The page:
On Afropessimism

Jesse McCarthy in the Los Angeles Review of Books:

The memoirs of Black revolutionaries have been, almost by definition, exceptional in their narratives, exemplary in their aspirations, and dispirited in their conclusions. Traditionally, the disappointment of unfinished and unrealized ambitions is mitigated by a rhetorical appeal to continued struggle and hope for a future Black liberation that the memoirists themselves will not live to see. They look to the future to say: One day. In time we will find our way to freedom, equality, self-loving, and self-respecting — to fully enjoying whatever the best of the human condition ought to entail. But what if the condition of being human is so thoroughly racialized that even appealing to it only further distances them from the possibility of its realization? What if, moreover, the destruction of Black people is not a contingent difficulty that can be corrected, but a necessary fate because the very category of “the human” is premised on their negation? As Frank Wilderson puts it, what if “Human life is dependent on Black death for its existence and for its conceptual coherence”?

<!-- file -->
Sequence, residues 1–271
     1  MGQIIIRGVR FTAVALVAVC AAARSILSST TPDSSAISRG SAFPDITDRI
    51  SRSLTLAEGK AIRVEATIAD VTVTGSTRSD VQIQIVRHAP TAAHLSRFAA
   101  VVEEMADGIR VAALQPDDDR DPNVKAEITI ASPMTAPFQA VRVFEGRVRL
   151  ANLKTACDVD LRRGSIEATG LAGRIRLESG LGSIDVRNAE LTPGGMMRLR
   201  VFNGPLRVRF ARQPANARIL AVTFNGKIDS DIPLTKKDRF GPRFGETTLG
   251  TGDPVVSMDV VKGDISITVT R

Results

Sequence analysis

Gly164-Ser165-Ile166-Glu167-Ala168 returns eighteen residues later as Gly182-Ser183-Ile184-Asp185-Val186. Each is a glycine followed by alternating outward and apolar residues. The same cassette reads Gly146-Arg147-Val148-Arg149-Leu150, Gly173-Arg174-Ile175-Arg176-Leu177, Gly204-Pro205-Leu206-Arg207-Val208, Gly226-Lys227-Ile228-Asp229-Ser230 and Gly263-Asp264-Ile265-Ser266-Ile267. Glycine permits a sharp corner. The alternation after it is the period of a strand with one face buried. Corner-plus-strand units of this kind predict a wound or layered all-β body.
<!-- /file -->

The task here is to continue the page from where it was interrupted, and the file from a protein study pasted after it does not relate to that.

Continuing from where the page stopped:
Understanding how Wilderson has come to such a conclusion requires a glance at his own exceptionally restless and revolutionary life.

More here.